Professor Simon Haberle
Areas of expertise
- Palaeoecology 060206
- Archaeological Science 210102
- Palaeoclimatology 040605
- Palaeontology (Incl. Palynology) 040308
- Quaternary Environments 040606
Palaeoecology, Palynology; Palaeoclimatology; Fire History, Indian Ocean, Melanesia, Australia and Pacific Islands; See interview in Quarterly Bulletin, Dec 2003 (Download PDF); see PalaeoWorks website for full details on research and publication downloads.
Simon completed his PhD at ANU on the Late Quaternary Environmental History of the Tari Basin, Papua New Guinea, in 1994. While holding postdoctoral positions at the Smithsonian (STRI, Panama) and at the University of Cambridge he continued to pursue his interest in the role of past climate change and human activity on tropical and temperate ecosystems through work in the Amazon Basin and southern South America. His research is currently focussed on the application of high-resolution palaeoecological analysis to our understanding of the impact of climate variability and human activity on terrestrial ecosystems of the Pacific and Indian Oceans during the Holocene. He is also developing e-Research tools in palaeoecology such as the Australasian Pollen and Spore Atlas and the PalaeoWorks website. He is currently using his knowledge of Australian pollen to explore the impact of atmospheric pollen and spores on respiratory health.
I am currently serving 5 years membership of the International Advisory Board for the Graduate School of Human Development in Landscapes, University of Kiel (Germany). I am Chair of the College of Asia and the Pacific Reconciliation Action Plan committee (2010-) and elected Chair of the College Forum (CAP 2007-2008); Director of the Centre for Archaeological Research (2006-2009); President of the Australasian Quaternary Association (2000-2004); QEII (ARC) Research Fellow investigating the impact of El Niño-related climate variability on tropical rain forest ecosystems of the Western Pacific (1998-2004); Postdoctoral Research Fellow, Dept. of Plant Sciences, Cambridge University (1995-1997); Postdoctoral Research Fellow, Smithsonian Tropical Research Institute, Panama (1994-1995).
Grants are drawn from ARIES. To add Projects or Grants please contact your College Research Office.
- Digital delivery of atmospheric hazard forecasts to protect the community (Primary Investigator)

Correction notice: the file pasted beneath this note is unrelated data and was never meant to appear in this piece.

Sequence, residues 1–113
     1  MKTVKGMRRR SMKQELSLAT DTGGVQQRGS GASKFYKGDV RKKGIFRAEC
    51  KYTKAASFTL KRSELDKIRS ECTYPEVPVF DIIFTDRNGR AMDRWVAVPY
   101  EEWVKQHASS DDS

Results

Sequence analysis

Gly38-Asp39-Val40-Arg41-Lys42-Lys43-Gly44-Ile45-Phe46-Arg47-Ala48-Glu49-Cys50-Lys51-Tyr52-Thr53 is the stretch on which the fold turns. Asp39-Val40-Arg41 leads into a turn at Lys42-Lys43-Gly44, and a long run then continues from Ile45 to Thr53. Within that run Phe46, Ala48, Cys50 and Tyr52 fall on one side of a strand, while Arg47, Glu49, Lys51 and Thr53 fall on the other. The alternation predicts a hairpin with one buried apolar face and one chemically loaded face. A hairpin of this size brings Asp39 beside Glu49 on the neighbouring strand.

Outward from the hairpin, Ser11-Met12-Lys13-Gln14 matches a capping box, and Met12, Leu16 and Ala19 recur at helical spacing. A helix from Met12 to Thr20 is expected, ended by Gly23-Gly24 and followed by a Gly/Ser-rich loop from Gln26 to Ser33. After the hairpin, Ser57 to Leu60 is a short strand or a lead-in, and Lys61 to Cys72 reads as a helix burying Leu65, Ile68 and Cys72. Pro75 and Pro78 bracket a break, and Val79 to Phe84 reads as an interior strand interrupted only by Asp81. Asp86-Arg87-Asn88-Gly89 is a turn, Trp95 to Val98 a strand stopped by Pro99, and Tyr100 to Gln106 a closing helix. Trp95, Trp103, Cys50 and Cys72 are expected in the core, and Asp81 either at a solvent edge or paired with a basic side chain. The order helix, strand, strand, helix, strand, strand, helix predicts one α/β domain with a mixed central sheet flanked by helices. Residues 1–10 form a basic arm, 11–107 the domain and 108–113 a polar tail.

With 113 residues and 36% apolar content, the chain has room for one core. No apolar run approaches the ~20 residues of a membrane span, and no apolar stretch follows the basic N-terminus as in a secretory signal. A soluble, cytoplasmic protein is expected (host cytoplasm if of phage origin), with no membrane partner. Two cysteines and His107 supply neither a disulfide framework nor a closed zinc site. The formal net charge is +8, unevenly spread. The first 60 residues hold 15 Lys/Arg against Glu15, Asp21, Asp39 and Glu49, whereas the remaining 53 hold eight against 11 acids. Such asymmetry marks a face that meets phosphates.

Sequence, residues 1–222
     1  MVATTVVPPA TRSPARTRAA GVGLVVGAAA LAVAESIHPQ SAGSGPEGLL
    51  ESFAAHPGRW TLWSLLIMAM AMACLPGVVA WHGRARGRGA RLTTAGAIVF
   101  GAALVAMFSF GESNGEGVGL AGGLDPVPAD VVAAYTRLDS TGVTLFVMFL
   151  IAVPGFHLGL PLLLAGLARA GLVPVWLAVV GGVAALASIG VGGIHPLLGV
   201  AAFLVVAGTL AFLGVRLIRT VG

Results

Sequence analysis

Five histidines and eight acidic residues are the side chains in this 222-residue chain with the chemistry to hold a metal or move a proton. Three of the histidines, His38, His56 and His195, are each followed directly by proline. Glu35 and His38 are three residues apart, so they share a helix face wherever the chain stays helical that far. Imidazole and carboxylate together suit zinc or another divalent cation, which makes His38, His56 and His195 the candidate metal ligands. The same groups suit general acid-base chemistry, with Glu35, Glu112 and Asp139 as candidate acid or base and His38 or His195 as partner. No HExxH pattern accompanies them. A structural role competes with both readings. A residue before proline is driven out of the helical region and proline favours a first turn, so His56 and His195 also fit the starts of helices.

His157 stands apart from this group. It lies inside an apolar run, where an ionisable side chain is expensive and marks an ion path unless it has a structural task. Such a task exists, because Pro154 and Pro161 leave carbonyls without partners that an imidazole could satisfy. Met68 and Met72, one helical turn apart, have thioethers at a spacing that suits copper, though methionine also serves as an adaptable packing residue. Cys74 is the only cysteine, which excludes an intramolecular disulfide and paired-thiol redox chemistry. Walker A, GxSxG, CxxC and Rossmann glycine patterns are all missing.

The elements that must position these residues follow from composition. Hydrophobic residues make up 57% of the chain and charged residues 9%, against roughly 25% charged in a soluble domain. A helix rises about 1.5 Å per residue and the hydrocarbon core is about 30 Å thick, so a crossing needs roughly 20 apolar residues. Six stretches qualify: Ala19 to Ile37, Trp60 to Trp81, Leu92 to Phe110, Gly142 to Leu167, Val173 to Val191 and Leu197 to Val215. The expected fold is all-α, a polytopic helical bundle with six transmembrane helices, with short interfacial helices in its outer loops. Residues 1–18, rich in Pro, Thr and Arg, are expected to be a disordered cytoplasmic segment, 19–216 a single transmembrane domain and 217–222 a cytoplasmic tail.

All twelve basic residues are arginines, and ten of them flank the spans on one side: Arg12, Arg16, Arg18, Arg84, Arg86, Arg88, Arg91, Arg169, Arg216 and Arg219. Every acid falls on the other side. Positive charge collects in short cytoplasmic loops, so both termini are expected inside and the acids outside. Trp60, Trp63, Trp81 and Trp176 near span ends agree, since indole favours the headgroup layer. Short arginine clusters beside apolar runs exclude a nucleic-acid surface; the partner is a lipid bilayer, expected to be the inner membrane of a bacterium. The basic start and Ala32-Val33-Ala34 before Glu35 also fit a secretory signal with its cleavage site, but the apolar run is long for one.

- Unravelling the mystery of the mighty apeâ€™s last stand (Primary Investigator)
- Transformation of vegetation by big herbivores, from the Pleistocene to now (Primary Investigator)
- Environmental Transformations linked to Early Human Occupation in Northern Australia (Primary Investigator)
- Climate change in the abandonment of islands: A high-resolution case study from the tropical Pacific (Secondary Investigator)
- Tracking the response of the Australian climate to abrupt climate change (Secondary Investigator)
- Light islands in a sea of dark rainforest: Human influence on fire, climate and biodiversity in the Australian tropics (Primary Investigator)
- Crossing the Green Sea: maritime mobility, trans-oceanic interaction and remote island colonisation in the tropical Indian Ocean (Secondary Investigator)
- Testing the hypothesis of synchronous inter-hemispheric climatic change during the Last Termination (20,000-10,000 years ago) (Primary Investigator)
- The Australasian Pollen and Spore Atlas (Primary Investigator)
- ARC Research Network for Earth System Science (Secondary Investigator)
- Bush Fire Smoke and the Relationship Between Human and Landscape Health (Primary Investigator)
- Stepping-Stones or Barrier: The Movement and Impact of People throughout the Far Eastern Pacific (Primary Investigator)
- Sustainable Futures through Understanding Past Human Responses to Environmental Change (Primary Investigator)
- The History of El Nino: Decoupling Natural and Human Induced Disturbance Events in the Fossil Record (Primary Investigator)